Germany: The government of Germany has called on Google Inc. and other providers of online navigation services to create a set of voluntary data protection guidelines for services such as Google’s “Street View” by the end of the year.
Failure to do so would result in the imposition of new market regulations to protect consumers, said Germany’s Interior Minister Thomas de Maiziere. The comment came after a five-hour meeting with Internet executives, Germany’s federal justice, consumer protection ministers and various data protection authorities.
“We need a charter guarding private geographical data and we need it drafted by December 7, 2010,” AFP quoted de Maiziere as saying. “A charter could, and I mean could, make regulation superfluous,” he added.
Berlin had called the meeting following public outrage over Google’s plan to display images from 20 German cities as part of its Street View online mapping service.
“We need geo-services for environmental policy, preventing natural disasters, searching for a home, planning our holidays — all of that must still be possible in the future,” De Maiziere continued. Instead, he would support legislation defining “red lines that must not be crossed.” Among other things, this would guarantee that users’ whereabouts are not exposed online, he said.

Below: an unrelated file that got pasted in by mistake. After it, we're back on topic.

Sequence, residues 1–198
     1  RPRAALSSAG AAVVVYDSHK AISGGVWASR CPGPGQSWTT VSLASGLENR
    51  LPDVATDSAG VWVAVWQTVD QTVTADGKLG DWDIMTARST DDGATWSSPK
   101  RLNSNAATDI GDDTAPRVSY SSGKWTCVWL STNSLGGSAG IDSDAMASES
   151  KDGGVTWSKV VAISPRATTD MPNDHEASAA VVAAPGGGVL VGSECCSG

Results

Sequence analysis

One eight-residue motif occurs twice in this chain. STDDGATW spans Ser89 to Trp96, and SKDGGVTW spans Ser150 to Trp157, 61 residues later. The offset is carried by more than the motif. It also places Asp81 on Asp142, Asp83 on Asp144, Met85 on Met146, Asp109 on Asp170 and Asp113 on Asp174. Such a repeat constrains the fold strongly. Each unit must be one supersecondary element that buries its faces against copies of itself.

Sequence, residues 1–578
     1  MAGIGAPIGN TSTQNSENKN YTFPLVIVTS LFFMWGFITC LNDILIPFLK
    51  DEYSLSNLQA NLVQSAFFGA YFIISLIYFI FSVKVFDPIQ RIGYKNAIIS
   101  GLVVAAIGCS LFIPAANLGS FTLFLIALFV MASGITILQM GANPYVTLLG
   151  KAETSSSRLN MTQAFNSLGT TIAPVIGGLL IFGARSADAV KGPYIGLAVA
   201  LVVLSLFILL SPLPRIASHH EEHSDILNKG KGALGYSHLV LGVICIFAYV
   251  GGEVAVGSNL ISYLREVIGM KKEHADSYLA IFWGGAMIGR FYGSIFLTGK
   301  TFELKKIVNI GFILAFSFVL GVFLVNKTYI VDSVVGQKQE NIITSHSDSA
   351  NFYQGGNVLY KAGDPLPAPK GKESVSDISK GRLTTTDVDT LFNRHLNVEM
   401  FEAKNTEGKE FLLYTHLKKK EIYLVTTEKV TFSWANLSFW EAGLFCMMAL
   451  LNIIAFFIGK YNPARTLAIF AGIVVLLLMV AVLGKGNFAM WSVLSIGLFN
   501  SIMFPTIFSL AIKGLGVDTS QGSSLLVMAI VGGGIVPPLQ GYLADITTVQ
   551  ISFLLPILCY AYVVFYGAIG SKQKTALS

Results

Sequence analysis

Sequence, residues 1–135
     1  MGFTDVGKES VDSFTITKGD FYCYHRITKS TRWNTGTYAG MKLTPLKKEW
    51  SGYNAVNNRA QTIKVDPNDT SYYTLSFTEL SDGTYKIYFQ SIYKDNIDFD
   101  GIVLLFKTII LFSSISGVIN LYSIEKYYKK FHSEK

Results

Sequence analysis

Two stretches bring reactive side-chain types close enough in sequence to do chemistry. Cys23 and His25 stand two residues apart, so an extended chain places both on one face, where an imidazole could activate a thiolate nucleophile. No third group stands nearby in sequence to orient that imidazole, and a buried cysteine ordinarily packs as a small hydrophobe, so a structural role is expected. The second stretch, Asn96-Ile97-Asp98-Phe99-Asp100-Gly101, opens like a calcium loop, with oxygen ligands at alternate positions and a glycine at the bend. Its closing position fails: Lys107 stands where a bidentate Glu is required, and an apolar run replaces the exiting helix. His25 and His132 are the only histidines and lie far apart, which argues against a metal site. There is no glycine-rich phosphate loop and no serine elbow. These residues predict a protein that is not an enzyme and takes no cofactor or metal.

Google appeared to embrace the opportunity to help develop the new rules. The Internet search giant said it would “welcome the proposal for self-regulation,” and was “happy to contribute to it in a constructive way.”
“Online mapping and geographical tools are becoming ever more important for citizens, authorities and companies – a trend which is only set to increase through the tremendous growth of the mobile Internet,” a Google spokesperson said.
“Any future legislation must make sure that in addition to the requirements of data protection, the development of innovative business opportunities and modern technology is allowed to flourish.”